LIVING HEALTHY Published February4, 2016 By Antara Dutta Choudhury

Man Clicks Selfie With Colostomy Bag To Raise Prostate Cancer Awareness

(Photo : Wikipedia) A man suffering from prostate cancer shares a selfie with colostomy bag on Facebook to spread awareness on the disease.

Kurt Jewson, 44, saw traces of blood in his urine back in 2014 and consulted his healthcare provider who told him that it is just an infection and will clear up.

Mr Jewson was relieved as there were no signs of blood in his urine but he was later detected with prostate cancer. Prostate cancer went undetected and it spread over a period of 12 months as prostate cancer has no early symptoms.

The common symptoms of prostate cancer include difficulty in urination, erectile dysfunction, and blood in urine or semen.

Almost 1.1 million cases of prostate cancer were diagnosed in 2012 and it is one of the leading causes of cancer death among men. According to 9 News, his image has received more than 219, 640 shares.

The picture uploaded by Mr Jewson shows him in underwear and his body with scars from the surgery and a colostomy bag that hangs down from his stomach and a catheter is also seen stuck to his right leg.

Mr Jewson is awaiting another surgery and sessions of radiotherapy and chemotherapy. He said that he is uploading his picture only to spread awareness about the disease and also to show what the disease has done to him and his body. He also urges anyone who finds any symptom that can be an indicator of prostate cancer to immediately go for a blood prostate-specific antigen (PSA) test without any further delay.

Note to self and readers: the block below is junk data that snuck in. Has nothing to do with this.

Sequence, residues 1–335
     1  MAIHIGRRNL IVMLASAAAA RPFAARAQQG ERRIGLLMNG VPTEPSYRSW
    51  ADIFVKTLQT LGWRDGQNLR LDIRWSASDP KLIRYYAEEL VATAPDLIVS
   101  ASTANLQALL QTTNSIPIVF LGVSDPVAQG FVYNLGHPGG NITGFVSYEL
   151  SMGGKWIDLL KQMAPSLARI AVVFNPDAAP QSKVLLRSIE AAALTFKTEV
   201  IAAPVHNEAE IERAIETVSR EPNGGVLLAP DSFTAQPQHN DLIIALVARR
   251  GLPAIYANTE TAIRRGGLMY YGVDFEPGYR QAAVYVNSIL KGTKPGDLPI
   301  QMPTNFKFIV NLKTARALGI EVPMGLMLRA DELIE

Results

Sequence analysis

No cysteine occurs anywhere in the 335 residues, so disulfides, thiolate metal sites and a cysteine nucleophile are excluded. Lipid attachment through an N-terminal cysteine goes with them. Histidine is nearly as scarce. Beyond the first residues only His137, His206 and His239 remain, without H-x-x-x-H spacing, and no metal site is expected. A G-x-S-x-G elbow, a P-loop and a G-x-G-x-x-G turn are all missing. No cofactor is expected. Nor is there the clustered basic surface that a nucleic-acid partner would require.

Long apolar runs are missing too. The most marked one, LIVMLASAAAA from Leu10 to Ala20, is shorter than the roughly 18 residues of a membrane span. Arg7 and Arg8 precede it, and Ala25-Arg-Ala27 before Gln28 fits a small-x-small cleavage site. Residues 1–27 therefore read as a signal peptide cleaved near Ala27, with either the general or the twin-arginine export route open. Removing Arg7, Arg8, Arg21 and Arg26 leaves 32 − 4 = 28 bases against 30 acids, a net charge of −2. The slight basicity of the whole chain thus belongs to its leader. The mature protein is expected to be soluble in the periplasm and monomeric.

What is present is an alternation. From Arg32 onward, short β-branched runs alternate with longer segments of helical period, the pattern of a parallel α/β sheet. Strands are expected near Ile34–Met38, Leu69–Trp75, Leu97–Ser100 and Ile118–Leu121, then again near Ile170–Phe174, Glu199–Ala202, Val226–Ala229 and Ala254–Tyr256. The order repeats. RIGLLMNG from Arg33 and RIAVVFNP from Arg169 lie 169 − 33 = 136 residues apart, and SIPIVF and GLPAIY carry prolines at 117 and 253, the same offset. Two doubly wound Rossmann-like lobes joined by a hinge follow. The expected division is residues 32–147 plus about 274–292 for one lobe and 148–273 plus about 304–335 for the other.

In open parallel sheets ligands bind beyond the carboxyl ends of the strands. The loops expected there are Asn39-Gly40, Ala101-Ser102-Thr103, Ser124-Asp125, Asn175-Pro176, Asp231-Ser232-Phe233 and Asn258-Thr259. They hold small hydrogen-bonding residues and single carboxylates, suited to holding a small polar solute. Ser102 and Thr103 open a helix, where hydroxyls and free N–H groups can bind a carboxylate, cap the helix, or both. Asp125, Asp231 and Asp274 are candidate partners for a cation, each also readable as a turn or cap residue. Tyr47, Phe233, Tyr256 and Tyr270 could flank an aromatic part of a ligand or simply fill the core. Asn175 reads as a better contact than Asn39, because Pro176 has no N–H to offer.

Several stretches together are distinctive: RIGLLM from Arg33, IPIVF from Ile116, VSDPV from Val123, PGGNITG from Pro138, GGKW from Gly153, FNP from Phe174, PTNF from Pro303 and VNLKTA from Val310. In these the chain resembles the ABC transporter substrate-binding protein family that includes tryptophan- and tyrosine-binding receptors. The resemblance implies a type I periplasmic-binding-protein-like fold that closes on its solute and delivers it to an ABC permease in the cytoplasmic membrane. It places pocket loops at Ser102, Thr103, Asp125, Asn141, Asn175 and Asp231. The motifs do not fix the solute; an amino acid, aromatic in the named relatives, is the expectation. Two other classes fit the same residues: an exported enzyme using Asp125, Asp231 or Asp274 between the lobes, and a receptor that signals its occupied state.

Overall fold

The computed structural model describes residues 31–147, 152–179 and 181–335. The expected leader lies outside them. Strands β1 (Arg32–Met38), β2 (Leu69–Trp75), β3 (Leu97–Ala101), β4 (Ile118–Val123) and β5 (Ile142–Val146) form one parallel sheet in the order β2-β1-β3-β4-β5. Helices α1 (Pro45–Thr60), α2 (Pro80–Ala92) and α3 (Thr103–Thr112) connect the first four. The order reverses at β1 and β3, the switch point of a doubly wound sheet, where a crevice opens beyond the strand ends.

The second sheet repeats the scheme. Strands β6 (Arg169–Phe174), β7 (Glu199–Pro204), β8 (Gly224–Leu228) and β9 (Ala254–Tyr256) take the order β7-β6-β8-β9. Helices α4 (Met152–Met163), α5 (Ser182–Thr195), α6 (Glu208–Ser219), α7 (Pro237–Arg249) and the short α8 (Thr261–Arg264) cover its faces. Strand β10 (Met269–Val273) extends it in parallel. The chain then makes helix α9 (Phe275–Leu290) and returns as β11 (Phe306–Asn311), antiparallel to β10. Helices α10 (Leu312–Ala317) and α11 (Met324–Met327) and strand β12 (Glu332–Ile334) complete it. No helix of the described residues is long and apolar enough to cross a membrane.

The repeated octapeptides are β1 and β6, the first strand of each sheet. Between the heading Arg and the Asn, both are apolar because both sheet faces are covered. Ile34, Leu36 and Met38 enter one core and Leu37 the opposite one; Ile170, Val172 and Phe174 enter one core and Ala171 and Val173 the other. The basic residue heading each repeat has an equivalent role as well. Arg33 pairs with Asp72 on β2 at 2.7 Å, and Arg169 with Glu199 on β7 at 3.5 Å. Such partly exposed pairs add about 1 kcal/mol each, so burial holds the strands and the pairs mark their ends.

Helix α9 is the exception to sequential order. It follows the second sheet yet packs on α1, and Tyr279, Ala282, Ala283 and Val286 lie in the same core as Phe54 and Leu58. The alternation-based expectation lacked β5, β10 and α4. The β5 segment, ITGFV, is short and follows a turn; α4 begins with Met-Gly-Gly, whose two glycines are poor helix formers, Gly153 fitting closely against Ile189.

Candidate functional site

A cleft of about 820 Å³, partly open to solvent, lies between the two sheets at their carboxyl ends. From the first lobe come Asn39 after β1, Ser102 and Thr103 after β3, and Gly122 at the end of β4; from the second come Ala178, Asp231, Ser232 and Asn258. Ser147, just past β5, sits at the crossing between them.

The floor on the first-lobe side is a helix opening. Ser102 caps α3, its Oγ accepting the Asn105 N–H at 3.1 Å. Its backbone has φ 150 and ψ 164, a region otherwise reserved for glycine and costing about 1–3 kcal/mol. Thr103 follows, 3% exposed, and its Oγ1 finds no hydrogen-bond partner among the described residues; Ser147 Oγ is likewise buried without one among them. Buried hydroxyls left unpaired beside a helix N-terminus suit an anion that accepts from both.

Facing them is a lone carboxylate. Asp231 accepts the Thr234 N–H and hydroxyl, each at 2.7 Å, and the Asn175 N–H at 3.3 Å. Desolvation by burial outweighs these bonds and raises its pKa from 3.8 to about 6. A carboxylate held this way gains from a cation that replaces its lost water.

The PSA test is a blood test in which the level of PSA in the blood is measured to detect the early signs of enlarged cancer. This test can be done at a GP surgery.

He wrote on to say that if his GP had taken some blood to test it for PSA then the disease would have been detected and it would have been at a manageable stage with an onset of early treatment.

"If I had known earlier, then my treatment and prognosis would have been so different," writes Mr Jewson.

We wish Mr Jewson a speedy recovery and hope that he achieves success in his initiative to spread awareness on this silent disease.

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